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Thread: W&B 8/8 FBU shorty project

  1. #1
    Senior Member JellyJar's Avatar
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    Default W&B 8/8 FBU shorty project

    There seemed to be some interest in this when I posted about it in Show and Tell, so I decided to do it in it's own thread to keep things together and easier to find. This isn't a tutorial (I'm still fairly new to restoration) and it won't be quick. I don't plan on rushing this, I'm just going to post my progress and questions similar to the what are you working on thread. Hopefully, I'll pull this off and you'll enjoy the journey.

    I picked this up specifically for making a shorty and was pleasantly surprised to find it was an 8/8, not a 7/8 as it was listed. It's not a beauty queen and has some uh, lets say character. My goal is to make this functional and comfortable to use.

    Here's what I'm starting with
    Name:  W&B FBU front.jpg
Views: 97
Size:  42.4 KB Name:  W&B FBU back.jpg
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    I liked the idea of a rat rod kind of style, but the bug bites in the scales are a bit uncomfortable in use. I'm planning on sprucing them up a bit for comfort. So far I've done a basic clean up with scraping and steel wool. The collars look pretty good and I hope I can save them.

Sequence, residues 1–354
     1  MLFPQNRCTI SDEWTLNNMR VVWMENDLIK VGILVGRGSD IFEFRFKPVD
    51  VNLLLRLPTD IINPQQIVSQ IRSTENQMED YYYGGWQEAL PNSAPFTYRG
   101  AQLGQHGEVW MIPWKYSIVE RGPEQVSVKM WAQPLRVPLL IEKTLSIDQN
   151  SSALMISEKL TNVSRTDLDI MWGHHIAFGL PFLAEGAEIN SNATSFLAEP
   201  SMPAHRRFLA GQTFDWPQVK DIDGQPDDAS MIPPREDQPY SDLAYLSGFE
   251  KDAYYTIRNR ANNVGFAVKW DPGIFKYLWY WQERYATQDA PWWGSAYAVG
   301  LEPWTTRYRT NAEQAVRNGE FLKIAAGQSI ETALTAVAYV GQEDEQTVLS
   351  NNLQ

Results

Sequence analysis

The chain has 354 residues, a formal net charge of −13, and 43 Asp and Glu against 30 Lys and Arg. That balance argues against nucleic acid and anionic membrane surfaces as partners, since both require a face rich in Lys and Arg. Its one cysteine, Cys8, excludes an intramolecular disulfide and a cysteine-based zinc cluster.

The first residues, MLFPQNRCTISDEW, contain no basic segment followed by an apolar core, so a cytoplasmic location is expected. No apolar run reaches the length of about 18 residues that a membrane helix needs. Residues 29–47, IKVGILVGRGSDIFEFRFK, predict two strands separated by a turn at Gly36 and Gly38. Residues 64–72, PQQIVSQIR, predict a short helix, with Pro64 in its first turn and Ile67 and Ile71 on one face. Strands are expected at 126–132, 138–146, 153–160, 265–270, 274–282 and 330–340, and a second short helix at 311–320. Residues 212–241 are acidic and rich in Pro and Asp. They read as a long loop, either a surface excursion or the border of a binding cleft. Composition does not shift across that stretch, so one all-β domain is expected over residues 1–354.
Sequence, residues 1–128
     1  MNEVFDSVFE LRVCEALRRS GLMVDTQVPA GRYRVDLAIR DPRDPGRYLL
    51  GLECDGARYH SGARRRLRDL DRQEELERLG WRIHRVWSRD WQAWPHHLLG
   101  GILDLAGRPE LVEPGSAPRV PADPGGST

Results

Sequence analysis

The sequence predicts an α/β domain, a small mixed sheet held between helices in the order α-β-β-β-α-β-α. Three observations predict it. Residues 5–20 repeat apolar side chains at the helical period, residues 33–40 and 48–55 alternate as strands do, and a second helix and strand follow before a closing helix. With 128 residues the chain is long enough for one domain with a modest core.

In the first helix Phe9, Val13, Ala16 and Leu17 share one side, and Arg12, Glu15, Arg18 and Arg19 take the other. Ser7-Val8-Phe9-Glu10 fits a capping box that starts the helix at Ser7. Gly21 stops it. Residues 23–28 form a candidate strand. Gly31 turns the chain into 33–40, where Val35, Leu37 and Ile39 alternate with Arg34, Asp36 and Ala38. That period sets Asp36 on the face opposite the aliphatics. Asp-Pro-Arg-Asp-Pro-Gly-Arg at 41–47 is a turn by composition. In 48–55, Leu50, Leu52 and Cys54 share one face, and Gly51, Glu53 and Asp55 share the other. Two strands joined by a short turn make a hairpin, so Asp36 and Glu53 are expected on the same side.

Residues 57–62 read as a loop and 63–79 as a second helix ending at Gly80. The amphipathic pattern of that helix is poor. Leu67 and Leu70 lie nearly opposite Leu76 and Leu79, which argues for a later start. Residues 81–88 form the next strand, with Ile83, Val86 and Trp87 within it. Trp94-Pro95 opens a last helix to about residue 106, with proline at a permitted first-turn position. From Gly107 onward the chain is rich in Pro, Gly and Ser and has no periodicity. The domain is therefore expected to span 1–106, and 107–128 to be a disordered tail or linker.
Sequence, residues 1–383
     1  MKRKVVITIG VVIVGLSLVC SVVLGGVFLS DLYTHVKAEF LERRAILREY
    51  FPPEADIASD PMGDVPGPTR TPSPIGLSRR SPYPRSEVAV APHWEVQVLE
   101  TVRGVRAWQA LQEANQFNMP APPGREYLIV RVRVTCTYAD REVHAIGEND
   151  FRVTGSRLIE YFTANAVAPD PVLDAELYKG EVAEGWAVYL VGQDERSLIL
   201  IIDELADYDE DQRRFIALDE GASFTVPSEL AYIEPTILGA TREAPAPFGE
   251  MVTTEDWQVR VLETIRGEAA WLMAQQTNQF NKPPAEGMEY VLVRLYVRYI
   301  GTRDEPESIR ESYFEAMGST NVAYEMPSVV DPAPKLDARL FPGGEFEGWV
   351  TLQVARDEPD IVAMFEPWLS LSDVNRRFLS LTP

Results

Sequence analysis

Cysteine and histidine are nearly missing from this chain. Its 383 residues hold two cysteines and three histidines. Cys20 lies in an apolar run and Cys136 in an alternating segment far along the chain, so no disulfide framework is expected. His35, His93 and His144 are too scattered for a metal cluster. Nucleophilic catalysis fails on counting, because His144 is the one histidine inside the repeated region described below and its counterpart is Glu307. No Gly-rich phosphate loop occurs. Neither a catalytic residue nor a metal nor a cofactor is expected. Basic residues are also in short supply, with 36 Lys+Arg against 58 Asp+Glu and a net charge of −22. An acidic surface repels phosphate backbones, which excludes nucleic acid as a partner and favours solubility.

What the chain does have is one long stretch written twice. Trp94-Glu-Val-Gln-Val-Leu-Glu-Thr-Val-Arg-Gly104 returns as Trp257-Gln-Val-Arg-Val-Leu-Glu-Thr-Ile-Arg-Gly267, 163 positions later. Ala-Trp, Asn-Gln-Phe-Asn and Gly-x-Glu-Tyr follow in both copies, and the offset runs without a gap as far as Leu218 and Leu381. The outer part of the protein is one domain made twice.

Name:  Front 1st clean.jpg
Views: 96
Size:  68.4 KB Name:  back 1st clean.jpg
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    Name:  Collar 1st clean.jpg
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    I've also set a rough bevel. There was a pit I was worried about that made it into the edge. So at this point I think I'll need to make it shorter than I had initially planned to get the pit out. I considered taking material off the edge, but it looks like I'll run into more pits higher up and chase them until the blade is a lot less than 8/8. Right now the edge is clean, except for this one pit. You'll see what I'm talking about in the pictures below. The first is the pit marked by the red arrow. The green arrow is some of the pits I think I'll get into if I try and remove it with high angle honing. The second picture is where the pit is located relative to the front of the blade.

    Name:  Pit on back copy.jpg
Views: 97
Size:  76.6 KB Name:  Pit location front.jpg